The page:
Ncomputing vSpace Pro Directory Traversal Vulnerability
An issue was discovered in NcMonitorServer.exe in NC Monitor Server in NComputing vSpace Pro 10 and 11.
It is possible to read arbitrary files outside the root directory of the web server. This vulnerability could be exploited remotely by a crafted URL without credentials, with …/ or …\ or …./ or ….\ as a directory-traversal pattern to TCP port 8667.
An attacker can make use of this vulnerability to step out of the root directory and access other parts of the file system. This might give the attacker the ability to view restricted files, which could provide the attacker with more information required to further compromise the system.
nmap -p T:8667 -Pn your_vSpace_server
Nmap scan report for your_vSpace_server (x.x.x.x)
Host is up (0.044s latency).
PORT STATE SERVICE
8667/tcp open unknown
[Vendor of Product]
[Affected Product Code Base]
vSpace – Pro 10
vSpace – Pro 11
NcMonitorServer.exe TCP 8667
NC Monitor Server: Health monitoring agents connect to it to provide collected data
[Impact Information Disclosure]
Unprivileged access to files across all file system could lead to exposure of sensitive data like: password hashes, application hard codes, history files, log files, databases, etc. A malicious user could use this vulnerability to fingerprint operative system, software, hardware, drivers, devices, networks, etc. and also access source code of applications which they can scour for more vulnerabilities. In some situations, an attacker can leverage the file path traversal vulnerability to gain complete control over the server.
In this example you will see a Proof of Concept Video of the founded vulnerability.
First, I check if the service is running on the server doing NMAP to 8667/tcp port. At first sight vSpace does not specifies ways to change Health Service Agent port. We are investigating server responses in order to detect this service in any other port.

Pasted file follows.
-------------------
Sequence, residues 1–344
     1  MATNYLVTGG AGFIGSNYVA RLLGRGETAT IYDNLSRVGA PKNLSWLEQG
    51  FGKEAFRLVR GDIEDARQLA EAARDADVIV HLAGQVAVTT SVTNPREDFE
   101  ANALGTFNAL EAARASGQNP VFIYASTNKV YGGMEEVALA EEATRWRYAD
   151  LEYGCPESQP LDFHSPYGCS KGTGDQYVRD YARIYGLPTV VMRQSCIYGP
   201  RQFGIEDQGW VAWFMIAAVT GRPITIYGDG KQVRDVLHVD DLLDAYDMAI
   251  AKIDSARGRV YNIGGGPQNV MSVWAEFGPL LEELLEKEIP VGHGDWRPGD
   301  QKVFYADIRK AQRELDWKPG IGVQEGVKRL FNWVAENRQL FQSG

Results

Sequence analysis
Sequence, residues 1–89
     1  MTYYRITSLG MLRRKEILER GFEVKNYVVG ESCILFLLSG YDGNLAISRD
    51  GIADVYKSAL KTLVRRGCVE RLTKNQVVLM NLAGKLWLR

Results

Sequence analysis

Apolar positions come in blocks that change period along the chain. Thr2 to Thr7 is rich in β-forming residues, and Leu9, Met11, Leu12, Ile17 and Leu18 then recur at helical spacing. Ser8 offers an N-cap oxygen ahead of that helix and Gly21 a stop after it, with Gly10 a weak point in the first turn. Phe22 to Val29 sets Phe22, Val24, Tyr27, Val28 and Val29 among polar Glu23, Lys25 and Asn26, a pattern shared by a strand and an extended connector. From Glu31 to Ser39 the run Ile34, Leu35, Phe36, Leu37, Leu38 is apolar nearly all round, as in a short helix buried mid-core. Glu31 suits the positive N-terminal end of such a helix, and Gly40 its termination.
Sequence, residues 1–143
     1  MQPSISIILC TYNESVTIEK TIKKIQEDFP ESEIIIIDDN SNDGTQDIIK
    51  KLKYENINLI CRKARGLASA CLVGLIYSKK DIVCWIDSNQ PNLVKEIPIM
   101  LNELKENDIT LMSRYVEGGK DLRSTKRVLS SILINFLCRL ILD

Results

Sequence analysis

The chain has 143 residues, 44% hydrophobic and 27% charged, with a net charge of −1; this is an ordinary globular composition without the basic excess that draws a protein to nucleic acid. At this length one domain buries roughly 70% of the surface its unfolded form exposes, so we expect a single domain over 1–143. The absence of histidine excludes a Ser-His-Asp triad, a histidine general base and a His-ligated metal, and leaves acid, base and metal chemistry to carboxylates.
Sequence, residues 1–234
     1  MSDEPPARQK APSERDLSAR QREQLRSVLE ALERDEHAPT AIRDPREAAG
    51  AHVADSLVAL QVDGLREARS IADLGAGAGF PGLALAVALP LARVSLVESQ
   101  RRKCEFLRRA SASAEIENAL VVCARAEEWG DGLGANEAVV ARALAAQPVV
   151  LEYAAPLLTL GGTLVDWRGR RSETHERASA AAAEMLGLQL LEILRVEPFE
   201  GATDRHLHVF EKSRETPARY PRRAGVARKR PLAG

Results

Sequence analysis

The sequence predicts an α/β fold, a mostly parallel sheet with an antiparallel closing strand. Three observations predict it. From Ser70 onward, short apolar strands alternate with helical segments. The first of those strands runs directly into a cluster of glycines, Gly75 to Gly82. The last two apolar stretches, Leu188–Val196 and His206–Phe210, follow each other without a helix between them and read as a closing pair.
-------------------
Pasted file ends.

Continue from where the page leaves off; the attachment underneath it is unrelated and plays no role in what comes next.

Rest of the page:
Next, I used the fuzzer DotDotPwn just to “double-check” the expression that I found which triggers the path traversal vulnerability. The command has a tweak to create the correct pattern with three or four dots. My fuzzer tests this kind of combinations. I have contacted DotDotPwn to see if they test this pattern. If not, it will be a good idea to do it.
Ncomputing platform requires Remote Desktop Protocol, by cracking password hashes attackers could gain remote access to the server.
Also I guess this vulnerability could easily lead to an excessive usage of hardware resources (CPU, RAM, HD, and Network) if you for example try to read multiple large files. I did not test it yet, but Denial of Service could be around the corner.
I have successfully verified the vulnerability in vSpace Pro 10 and the recently released version 11.
There are many cases in which directory traversal attacks could also lead to overwriting arbitrary files and directory listing exposures. This can lead to information leakage and can be used to pivot to other more serious attacks like remote code execution.
If we base estimations taking Ncomputing´s own numbers, I quote “…With over 70,000 customers and 20 million daily users in 140 countries…” including government plus that the vendor announces Linux and Citrix compatibility, this vulnerability puts a great number of servers around the world at high risk.
Disable Health Monitor Agent Service.
Patch from vendor for both versions (vSpace Pro 10 and vSpace Pro 11)
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